You have got to hand it to Team 17. They have been doing some great work of championing smaller projects from fledgling development teams, introducing the world to compact and excellent experiences such as Overcooked, Yoku’s Island Express and The Escapists. It seems only wise to continue this hot streak and Mugsters is the latest to come from the publisher. Once again, this title is a debut effort, this time from Reinkout games as they aim to hit the highs that previous developers in their position have.
Mugsters starts you off on an alien planet with little to go on, other than three loose objectives that are somewhat optional. It is your job to venture through various areas to solve puzzles, collect energy crystals and escape the islands with rescued survivors who would otherwise remain captured in experiment tubes. There is no tutorial to speak of, with each level’s ultimate solution being up to the player, with various methods in each to utilise as you please.
When it comes to puzzles, I use the term loosely. There are very few things that can’t be solved without the application of explosives, whether you are clearing obstacles in your path or taking on the alien threats along your way which are either walking drones or menacing ships that dwarf the player character as they fly after you. Aiding the player in each level is an assortment of vehicles that can be used to run down enemies, set up more explosions, apply weight to switches and help with getting over ramps. The real strategy is in how you utilise these vehicles as if these get destroyed then you may very well lose your way to progress through each stage.
Due to the physics and the how destructible most of the envrionments is, there is a certain level of frustration that can be felt while playing Mugsters. It’s far too easy to end an otherwise perfectly executed level by an accidental explosion or terrain that traps your rescued civilians as their AI cannot work their way around the obstacle. Vehicles also have an annoying habit of driving by themselves when you park them, sometimes causing them to roll off an all-important weight based switch, only to end up falling off the island. This is particularly frustrating as while saving people and collecting civilians are technically optional objectives, you still need to save a certain amount to progress to further levels. Thanks to this, there is a lot of backtracking through partially cleared levels to complete tasks that was missed the first-time round.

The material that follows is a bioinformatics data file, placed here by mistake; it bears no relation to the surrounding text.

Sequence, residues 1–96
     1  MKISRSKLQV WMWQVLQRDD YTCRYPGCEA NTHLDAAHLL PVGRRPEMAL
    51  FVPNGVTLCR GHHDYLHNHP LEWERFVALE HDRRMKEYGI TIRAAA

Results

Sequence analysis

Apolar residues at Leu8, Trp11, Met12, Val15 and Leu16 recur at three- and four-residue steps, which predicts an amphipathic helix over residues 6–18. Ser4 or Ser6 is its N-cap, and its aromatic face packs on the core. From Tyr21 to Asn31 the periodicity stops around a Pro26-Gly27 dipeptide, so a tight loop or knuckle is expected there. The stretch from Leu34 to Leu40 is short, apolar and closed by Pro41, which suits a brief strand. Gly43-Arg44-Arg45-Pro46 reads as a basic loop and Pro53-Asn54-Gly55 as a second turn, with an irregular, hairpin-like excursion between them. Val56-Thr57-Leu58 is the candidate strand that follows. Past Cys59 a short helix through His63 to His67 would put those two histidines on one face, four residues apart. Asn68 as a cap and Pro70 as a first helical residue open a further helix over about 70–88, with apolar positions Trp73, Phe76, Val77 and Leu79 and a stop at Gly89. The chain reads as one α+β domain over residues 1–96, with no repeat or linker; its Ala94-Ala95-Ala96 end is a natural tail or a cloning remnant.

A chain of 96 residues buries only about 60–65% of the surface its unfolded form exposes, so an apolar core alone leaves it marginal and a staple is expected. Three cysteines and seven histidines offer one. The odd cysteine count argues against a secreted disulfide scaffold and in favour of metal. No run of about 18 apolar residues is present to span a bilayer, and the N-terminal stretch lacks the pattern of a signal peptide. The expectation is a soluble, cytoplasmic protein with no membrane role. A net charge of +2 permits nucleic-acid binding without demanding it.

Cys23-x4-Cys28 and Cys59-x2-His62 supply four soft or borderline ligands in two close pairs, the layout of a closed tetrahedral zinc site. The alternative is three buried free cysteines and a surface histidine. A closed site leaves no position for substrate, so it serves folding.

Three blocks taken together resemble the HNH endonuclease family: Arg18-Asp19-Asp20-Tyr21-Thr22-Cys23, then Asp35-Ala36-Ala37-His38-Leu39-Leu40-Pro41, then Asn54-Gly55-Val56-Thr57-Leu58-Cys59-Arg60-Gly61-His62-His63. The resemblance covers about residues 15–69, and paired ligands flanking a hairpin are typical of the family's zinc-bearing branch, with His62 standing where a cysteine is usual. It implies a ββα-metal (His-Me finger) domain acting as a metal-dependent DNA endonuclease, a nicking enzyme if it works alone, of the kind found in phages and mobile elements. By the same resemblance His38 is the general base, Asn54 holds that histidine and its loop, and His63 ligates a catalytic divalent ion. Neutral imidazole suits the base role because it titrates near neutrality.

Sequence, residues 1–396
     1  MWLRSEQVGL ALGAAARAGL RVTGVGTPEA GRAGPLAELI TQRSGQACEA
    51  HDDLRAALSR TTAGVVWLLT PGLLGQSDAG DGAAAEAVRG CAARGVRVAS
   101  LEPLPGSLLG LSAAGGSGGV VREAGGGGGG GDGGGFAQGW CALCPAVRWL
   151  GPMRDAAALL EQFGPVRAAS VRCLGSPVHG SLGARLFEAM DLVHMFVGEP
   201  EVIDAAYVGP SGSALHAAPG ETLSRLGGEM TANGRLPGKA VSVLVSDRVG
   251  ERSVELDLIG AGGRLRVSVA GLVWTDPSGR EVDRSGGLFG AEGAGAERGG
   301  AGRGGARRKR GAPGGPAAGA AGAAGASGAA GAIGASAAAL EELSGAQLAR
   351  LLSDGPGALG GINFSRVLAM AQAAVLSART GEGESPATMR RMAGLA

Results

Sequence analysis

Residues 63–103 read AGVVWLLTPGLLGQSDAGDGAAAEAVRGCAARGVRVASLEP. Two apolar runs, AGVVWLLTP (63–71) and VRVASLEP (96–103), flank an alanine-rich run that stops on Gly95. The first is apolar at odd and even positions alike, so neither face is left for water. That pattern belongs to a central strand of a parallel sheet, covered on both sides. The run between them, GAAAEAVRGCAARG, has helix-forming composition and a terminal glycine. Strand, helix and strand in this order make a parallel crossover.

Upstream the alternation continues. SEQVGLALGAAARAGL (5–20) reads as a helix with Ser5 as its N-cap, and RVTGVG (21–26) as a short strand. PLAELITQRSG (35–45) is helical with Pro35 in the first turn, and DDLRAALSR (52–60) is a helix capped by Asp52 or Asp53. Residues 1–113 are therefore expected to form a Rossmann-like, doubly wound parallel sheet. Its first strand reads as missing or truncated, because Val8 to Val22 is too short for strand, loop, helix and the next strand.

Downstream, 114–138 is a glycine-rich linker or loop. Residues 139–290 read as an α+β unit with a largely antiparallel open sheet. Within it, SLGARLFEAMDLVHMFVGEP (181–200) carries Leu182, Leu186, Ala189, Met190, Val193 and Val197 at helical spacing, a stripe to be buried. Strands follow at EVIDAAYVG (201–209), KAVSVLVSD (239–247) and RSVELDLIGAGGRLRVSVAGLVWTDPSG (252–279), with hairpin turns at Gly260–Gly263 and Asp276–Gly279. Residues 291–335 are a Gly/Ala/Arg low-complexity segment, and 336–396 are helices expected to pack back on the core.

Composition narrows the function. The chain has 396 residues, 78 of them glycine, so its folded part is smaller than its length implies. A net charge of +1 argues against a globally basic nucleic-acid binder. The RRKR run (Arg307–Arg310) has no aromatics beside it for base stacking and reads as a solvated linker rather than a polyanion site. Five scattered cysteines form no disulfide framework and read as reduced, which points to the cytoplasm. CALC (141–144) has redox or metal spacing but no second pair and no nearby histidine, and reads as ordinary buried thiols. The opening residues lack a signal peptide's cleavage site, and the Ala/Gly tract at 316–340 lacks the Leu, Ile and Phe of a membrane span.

Thankfully, there are elements which are saved when you go back, such as the number of humans saved and crystals picked up so you don’t need to fully retread the entire level, but considering that some of the islands have difficult enemies to fight through and problems with broken areas of the maps and how slow you move on foot, this can be very annoying to do. I found that the best way to proceed through each level was to leave the humans trapped in their pods until I had cleared everything up front of enemies as their AI is frankly suicidal otherwise. This helped me get through most levels first time, however it did turn the game into a slog as it required a long backtrack to the beginning of the stage in most cases.
Of course, these frustrations would be reduced with a friend in tow, however the game does little to compensate for an extra player. There are no puzzles that I saw that benefitted or were unique to a coop element and all the mode did was make the game slightly easier to deal with as you now have two-four lives instead of the vulnerable single chance that you would otherwise have. Mugsters is better played this way, so keep this in mind if you consider a purchase as it can be taxing when played solo.
+ Some fun ideas to play with
+ Minimalistic and stylish visuals
- Inconsistent physics due to destructible elements
- Progression feels a bit too gated thanks to stage requirements